YouTube app has Google and Microsoft throwing punches over HTML5

User of the Windows Phone mobile operating system glad that the Microsoft-made YouTube app was reinstated recently with approval by Google will be disappointed this afternoon: it's gone again. Now the two companies are tossing punches online, releasing statements in kind over the reasons for their continued dispute. It would appear that the whole mess comes down to one coding issue: HTML5.

In a statement released this morning with The Verge, Google suggested that Microsoft had "not made the browser upgrades necessary to enable a fully-featured YouTube experience." Instead they said, Microsoft had "re-released a YouTube app that violates our Terms of Service." This is a similar suggestion to what was said when the original YouTube app was released by Microsoft without advertisements.

This was well after Microsoft suggested – and not for the first time – that Google was intentionally harming Windows Phone with FTC investigations. It was then that Microsoft Vice President Dave Heiner suggested Google tell YouTube developers prevent Windows Phone from having a full-fledged experience as delivered with iOS and Android.

On the 13th of August – just two days ago, Windows Phone received the OK for a re-launch of the Microsoft-made YouTube app. It wasn't long then – less than two days later, that is – that Microsoft has once again found its iteration of YouTube blocked from service.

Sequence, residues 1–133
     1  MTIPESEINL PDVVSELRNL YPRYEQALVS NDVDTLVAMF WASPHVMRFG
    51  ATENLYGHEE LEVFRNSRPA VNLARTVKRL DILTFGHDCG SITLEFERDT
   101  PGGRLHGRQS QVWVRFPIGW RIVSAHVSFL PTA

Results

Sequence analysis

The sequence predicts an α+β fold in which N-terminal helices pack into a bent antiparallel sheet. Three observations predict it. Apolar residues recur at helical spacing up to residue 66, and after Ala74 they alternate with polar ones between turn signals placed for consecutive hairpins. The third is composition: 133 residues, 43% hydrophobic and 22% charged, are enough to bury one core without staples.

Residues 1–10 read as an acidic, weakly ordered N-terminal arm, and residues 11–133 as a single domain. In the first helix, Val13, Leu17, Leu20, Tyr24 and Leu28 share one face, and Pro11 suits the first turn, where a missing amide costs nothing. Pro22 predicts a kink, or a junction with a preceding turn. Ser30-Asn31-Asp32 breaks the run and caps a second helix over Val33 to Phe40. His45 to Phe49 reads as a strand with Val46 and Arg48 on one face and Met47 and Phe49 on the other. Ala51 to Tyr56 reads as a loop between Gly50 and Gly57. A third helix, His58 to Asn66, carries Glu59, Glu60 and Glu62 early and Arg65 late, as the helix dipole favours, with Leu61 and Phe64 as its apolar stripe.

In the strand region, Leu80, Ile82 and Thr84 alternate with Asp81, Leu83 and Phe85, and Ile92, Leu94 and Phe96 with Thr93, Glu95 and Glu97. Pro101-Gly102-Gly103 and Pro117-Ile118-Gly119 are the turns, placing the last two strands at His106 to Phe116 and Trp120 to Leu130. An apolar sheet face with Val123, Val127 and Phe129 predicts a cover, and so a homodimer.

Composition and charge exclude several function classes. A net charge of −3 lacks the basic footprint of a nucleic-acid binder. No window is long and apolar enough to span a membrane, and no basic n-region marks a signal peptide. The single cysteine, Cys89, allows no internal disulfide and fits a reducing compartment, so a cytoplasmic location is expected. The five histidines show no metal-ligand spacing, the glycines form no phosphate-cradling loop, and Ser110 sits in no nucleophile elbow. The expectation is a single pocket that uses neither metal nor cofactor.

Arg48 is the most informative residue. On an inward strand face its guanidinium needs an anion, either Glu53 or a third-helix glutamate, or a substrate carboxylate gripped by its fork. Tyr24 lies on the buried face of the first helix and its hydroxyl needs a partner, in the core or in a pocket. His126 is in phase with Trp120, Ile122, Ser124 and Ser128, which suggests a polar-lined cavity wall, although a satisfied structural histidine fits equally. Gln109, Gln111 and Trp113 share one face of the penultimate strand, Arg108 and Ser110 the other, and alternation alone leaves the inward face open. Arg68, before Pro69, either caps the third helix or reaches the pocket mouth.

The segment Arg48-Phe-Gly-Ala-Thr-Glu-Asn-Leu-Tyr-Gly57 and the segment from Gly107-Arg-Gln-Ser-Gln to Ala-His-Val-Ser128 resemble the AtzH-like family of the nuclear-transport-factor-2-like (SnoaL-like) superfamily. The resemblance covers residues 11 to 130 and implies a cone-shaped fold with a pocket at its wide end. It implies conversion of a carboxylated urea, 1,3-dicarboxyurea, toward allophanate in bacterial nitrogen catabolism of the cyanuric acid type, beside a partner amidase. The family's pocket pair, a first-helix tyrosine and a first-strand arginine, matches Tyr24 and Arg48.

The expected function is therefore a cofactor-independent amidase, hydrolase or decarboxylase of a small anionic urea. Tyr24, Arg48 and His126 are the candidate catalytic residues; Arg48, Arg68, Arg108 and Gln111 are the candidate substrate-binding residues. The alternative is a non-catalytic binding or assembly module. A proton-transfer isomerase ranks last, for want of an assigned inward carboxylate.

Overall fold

It's this afternoon, then when Vice President & Deputy General Counsel for Microsoft David Howard makes direct accusations of Google creation a situation in which Microsoft could not possibly appease them, one that, again, puts Android and Apple's iOS in a place where Windows Phone cannot be.

"There was one sticking point in the collaboration. Google asked us to transition our app to a new coding language – HTML5. This was an odd request since neither YouTube's iPhone app nor its Android app are built on HTML5. Nevertheless, we dedicated significant engineering resources to examine the possibility.

At the end of the day, experts from both companies recognized that building a YouTube app based on HTML5 would be technically difficult and time consuming, which is why we assume YouTube has not yet made the conversion for its iPhone and Android apps." – David Howard for Microsoft

It's also said by Howard that Google claims they cannot serve ads based on conditions imposed by content creators with the version of the app Microsoft created. According to Howard, Microsoft's app "serves Google's advertisements using all the metadata available to us" and cannot hope to serve ads based on the conditions imposed by the content creators Google speaks of without "whatever information iPhone and Android get" – again, Howards words.